Hemkund Sahib Trek – 1. ascent, Sikhs and differences




For a change from the day tours and the Hindus, we headed for another destination: Hemkund Sahib. This is the highest Gurudwara (something like temple) of the Sikhs. The altitude differs quite a bit, I stick to 4,200 m for me. The starting point is the village of Govindghat at an altitude of around 1,800 m, and from there it is a 17 km climb. 17 km doesn’t sound super much now, but with the altitude you definitely have to plan 3 days for the ascent and descent.


So the start is in Govindghat and from there shared taxis go to Pullna, which shortens the distance by 4 km. The Sikhs like to go on this pilgrimage and so our fellow walkers were quite different from usual. First, one could do some shopping in Govindghat. The place is not really big, but completely geared to the pilgrims.


Shop in Govindghat


The sun was shining and I was glad to get out of the rather narrow valley of the Alaknanda River.


Shared taxi Start


You can’t quite see it yet in this picture, but a large proportion of the walkers were dressed as if they were going to the bazaar – there were even creases to be seen!


Start in Pullna


Here, too, there was an offer of horses, which people took advantage of. Not us, we had packed our daypack full of contingency clothes and sleeping bag.


horse offer


The horses not only carried people up, but also material. For what was further up, there must have been and still are countless horses and haulings


Transport horse


construction work


Here, too, things had to be repaired due to landslides.


All in all, I had the impression that Sikhs are more educated per se, which I also assume from the way they speak English. In any case, we were often approached, including Binodh, as he does not look like a local. There were not so many western tourists, one was surprised when one saw some. And then the Sikhs wanted to know where I was from. Friendly enough, I was often addressed as “sir” and then asked my age. I always answered obediently and wondered whether they had actually estimated me to be younger or older. So I guess I should ask them first what they guessed, but after I got 85 once and mid-70, I stopped again. They admired my stamina, but I don’t know wether it was because of my age, my sometimes correctly recognised gender or at all. After all, we were among the fastest 😀. Some of them were very enthusiastic and walked barefoot.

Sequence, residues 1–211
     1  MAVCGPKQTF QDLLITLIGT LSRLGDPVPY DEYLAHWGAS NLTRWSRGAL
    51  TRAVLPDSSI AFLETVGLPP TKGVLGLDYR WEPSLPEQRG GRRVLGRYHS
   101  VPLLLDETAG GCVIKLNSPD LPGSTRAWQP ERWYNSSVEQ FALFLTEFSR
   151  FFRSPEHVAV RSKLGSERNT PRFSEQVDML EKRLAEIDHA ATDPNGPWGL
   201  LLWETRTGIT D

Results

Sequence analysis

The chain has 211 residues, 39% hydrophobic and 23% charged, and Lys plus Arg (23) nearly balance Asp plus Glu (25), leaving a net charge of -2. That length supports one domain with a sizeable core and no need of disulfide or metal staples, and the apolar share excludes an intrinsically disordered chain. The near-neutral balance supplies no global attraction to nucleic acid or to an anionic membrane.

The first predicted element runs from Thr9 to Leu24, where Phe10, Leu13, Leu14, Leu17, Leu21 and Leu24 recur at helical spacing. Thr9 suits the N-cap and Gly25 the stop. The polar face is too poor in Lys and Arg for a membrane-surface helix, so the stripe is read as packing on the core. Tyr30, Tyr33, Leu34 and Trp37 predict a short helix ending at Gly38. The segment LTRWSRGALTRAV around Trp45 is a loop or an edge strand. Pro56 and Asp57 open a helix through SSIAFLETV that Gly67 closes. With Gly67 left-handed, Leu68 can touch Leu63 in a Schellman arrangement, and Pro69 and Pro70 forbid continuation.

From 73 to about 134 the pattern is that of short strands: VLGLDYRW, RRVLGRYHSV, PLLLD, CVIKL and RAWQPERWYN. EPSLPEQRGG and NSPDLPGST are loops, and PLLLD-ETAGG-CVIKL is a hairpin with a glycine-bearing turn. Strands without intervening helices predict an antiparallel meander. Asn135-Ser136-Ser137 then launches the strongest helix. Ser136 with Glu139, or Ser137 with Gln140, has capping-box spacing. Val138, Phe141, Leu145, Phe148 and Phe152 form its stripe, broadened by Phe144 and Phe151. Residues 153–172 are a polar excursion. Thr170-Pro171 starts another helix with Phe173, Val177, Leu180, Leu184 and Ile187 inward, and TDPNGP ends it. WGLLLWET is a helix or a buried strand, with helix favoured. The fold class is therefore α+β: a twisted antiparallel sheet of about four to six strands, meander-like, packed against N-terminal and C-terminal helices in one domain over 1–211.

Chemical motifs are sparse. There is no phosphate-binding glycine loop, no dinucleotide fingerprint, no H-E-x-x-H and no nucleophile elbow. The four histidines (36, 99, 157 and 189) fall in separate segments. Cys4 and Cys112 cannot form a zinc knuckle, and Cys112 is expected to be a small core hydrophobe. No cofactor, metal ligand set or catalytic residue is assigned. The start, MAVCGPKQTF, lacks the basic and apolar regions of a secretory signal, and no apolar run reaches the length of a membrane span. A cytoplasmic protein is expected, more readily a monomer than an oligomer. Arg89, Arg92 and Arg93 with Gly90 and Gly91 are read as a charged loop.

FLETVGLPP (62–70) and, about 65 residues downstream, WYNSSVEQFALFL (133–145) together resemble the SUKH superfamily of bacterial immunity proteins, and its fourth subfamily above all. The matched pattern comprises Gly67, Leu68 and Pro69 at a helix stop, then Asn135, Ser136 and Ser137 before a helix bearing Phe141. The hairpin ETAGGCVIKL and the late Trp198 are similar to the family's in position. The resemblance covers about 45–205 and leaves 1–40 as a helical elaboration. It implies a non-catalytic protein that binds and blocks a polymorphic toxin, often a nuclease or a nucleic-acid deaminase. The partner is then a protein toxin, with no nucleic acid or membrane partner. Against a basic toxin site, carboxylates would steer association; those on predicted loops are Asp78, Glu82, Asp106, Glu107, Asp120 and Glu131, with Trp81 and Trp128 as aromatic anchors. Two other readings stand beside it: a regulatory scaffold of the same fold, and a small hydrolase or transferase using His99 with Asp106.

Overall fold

shadow path


The path (paved track) was often in the shade and along the river.


river with new built bridge


So we continued to climb and after this and that break and cloud cover again, we reached Ghangaria with lots of accommodation, restaurants, shops, another Gurudwara etc.




But it wasn’t really nice there, so we scurried out again and went for a short look at the rest of the route. There was a high waterfall (Garhwal is full of waterfalls).





down coming ones


Many of those who came down looked completely exhausted and staggered almost zombie-like into the place. But completely enthusiastic that they had made it. Unfortunately I was now dreading the next day. Even though the evening sun on the mountains was so promising.


evening sun on mountain


Back to the Sikhs – they are the ones with the turbans, a religious community from the 15th century, the majority of whose 25-27 million followers live in India. Their main place is Amritsar with the Golden Temple, where I was in 2008. They were always pleased to hear that. A sympathy factor: they believe in a creature that is neither male nor female and also rather incorporeal.


“The Sikh religion is not oriented towards adherence to religious dogma, but aims to make religious wisdom useful and practical for everyday life.” – that sounds nice too.


And whether I would also manage the next day nicely -> next blog post!